Details are starting to fall into place, and I’ve now connected to teachers in both Ukraine and Turkey whose schools I will visit. I couldn’t be more excited for my trip!
Our group will get oriented in Kiev, but then we’ll head out to various places around the country to visit schools in local communities. I am thrilled to have met, via email, my Ukranian teacher host, Lydia! She is a teacher at Zaporizhzhya Classical Lyceum, which is in the city of Запорі́жжя (Zaporizhzhya). I don’t know too much about this city, but I read online that it is the 6th largest city in Ukraine, and it is in the southeast part of the country, on the banks of the Dnieper River. These are some photos I found on wikipedia. I’ll be traveling there with Carol, another American teacher in the Teachers for Global Classrooms program. Like me, Carol teaches middle school Social Studies, but she lives in West Virginia. Carol and I are busy doing as much research as we can, learning about what we’ll see in Ukraine. I’m even studying the Cyrillic alphabet, which makes me feel like a little kid learning to read all over again!
Lydia sent us an itinerary for our time with her, and it is clear that we are going to have a spectacular visit. We’ll learn and see so much during our time in Zaporizhzhya. Everything on the schedule looks exciting, but here are some of the activities that I found most intriguing:
- Observing classes taught by Lydia and her colleagues, and getting a chance to co-teach with them
- Participating in a round table discussion with 11th grade students on American cultural diversity
- Eating traditional foods at local restaurants and and in a local home
- Having at a picnic on the Khortitsa Island and visiting local botanical gardens
- Visiting a town orphan house
- Participating in teacher discussion groups on student discipline and parent involvement
- Seeing tourist sites around town, from museums and art exhibitions to theatrical performances
- Attending a conference with 100 principals from some of the best schools all over Ukraine
Now that I have a better idea of what I’ll be doing during my trip, it’s starting to feel really “real.” I can’t wait! I’m lucky to also have an extra week to visit Turkey. Since this part of my travels is not an official part of the Teachers for Global Classrooms program, I am arranging that visit on my own. I have emailed with a teacher in Istanbul who is excited to meet me and wants to help find Turkish students to be penpals with my students. She is a young teacher who has studied with IREX in the United States and I also look forward to learning about Turkish education.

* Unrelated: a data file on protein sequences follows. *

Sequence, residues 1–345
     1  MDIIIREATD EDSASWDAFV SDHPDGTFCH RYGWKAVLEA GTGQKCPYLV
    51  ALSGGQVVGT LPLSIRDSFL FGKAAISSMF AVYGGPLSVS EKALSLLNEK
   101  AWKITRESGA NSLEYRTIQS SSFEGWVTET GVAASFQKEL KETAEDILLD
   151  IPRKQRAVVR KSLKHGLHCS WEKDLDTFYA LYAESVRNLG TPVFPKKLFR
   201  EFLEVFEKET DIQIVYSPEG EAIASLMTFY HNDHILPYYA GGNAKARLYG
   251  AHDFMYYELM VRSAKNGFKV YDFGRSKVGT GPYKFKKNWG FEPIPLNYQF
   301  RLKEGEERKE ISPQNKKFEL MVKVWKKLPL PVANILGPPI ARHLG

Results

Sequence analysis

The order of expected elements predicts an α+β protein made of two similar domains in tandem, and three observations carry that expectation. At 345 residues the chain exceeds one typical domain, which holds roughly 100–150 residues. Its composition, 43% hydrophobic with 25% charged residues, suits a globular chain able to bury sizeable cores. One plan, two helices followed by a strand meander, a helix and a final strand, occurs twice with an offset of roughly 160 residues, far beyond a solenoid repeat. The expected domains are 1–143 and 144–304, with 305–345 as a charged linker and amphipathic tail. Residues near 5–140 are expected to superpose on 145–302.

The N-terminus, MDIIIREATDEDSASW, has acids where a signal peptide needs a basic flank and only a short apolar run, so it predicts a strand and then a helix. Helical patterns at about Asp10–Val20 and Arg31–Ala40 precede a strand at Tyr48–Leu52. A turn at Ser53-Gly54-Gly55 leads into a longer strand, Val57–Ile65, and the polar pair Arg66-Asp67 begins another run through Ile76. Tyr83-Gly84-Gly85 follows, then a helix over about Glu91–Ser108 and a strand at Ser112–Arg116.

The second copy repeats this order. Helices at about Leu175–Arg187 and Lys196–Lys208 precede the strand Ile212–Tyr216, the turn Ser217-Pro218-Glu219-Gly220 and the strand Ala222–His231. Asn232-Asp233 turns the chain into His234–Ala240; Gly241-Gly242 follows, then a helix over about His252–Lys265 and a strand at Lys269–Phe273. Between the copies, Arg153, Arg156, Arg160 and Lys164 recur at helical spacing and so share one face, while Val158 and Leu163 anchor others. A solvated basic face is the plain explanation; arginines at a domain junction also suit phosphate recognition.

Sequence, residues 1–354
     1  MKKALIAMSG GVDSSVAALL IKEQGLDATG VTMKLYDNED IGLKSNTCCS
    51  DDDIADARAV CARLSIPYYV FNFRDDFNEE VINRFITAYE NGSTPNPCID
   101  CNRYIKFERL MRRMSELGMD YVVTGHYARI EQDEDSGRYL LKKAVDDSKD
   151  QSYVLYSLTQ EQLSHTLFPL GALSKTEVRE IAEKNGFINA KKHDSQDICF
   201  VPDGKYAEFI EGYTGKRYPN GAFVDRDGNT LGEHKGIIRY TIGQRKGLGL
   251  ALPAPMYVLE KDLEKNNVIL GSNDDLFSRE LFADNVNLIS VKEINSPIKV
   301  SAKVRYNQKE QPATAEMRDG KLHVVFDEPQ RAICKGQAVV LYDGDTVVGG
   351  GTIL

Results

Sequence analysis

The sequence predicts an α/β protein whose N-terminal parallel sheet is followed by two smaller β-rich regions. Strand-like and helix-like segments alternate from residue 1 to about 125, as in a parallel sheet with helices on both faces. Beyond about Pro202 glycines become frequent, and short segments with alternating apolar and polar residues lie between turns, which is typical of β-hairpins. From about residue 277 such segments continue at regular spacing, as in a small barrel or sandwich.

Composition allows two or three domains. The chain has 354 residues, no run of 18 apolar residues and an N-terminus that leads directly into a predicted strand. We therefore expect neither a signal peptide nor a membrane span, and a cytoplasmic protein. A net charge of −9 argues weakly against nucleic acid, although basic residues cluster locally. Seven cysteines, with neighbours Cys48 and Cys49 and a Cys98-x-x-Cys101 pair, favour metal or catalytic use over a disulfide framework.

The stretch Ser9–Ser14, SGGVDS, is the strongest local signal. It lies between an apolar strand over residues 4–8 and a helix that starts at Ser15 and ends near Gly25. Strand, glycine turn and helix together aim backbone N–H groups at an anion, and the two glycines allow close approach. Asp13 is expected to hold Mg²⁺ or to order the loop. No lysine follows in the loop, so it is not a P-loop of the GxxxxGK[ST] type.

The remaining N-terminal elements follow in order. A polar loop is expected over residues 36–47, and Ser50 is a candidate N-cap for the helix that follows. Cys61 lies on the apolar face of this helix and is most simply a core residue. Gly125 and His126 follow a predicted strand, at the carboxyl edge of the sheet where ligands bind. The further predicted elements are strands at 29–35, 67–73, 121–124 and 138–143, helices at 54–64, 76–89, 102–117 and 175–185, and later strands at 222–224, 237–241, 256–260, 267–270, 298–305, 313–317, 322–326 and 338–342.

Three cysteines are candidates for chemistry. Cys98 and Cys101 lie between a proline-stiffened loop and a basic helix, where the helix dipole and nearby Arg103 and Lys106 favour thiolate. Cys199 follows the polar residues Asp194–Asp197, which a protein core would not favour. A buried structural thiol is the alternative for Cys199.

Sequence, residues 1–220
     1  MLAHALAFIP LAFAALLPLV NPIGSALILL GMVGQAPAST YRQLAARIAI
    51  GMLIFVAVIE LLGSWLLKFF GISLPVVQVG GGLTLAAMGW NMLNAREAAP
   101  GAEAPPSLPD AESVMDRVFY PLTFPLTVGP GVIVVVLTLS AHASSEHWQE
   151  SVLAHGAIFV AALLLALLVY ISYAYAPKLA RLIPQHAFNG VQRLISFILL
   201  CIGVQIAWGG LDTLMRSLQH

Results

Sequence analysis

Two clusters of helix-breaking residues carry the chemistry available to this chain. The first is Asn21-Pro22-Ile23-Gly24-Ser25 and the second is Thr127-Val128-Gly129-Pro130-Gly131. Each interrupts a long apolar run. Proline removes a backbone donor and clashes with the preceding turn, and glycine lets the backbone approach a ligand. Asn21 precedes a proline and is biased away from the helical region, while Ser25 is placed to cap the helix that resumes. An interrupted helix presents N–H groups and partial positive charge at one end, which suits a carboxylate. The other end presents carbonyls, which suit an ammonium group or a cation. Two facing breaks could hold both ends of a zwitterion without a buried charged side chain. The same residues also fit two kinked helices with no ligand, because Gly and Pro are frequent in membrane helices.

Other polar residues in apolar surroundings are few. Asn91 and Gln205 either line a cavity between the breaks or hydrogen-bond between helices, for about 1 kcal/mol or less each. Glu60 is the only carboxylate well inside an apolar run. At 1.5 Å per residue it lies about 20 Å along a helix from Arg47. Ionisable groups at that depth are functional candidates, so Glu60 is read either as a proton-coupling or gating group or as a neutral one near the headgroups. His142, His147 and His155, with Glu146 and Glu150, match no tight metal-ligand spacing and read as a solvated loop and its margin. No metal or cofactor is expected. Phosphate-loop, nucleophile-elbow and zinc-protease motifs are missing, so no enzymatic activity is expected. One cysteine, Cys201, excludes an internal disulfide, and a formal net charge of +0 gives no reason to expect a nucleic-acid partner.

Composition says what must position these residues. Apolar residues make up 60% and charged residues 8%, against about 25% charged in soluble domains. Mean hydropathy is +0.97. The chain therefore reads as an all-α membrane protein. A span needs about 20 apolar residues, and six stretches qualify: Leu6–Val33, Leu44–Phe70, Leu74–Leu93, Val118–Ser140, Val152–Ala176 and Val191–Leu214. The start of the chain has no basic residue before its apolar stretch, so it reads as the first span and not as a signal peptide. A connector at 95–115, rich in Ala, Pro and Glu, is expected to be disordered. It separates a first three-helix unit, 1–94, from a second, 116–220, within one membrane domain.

I feel so lucky to be embarking on this journey very soon. I fly out of Boston on April 14th, so departure day approaches!
It’s great to see the details falling in to place for you and the rest of the Ukraine team. It gives me hope that “soon” I’ll be recieving the same for Indonesia.
It sounds like Lydia is flushing out a great agenda for you and Carol while you are there. There appears to be a variety of events to let you collaborate on educational topics with teachers and principals, interact with students (always a plus), and enjoy the cultural life of your host community.
With Indonesia being the last trip, I’ll be getting very jealous reading the blogs of all of you who are off on your adventures already.
I look forward to reading more about your experiences in both Ukraine and Turkey!
Sounds exciting. I’ll be north of you, in Kharkov.
If you know something of the Greek alphabet, it can help you remember many of the letters of the Cyrillic. See the page:
For example, it’s easy to remember the P sound if you think of pi, and the R sound if you think of rho. And many more.
Hey, that’s so cool! Can you bring in some objects you get from Ukraine and Turkey? I would like to bring in stuff from Japan and Malaysia. This is exciting! I can’t wait to hear/read about you trip
I can’t wait to see the pictures of Ukraine it must be beautiful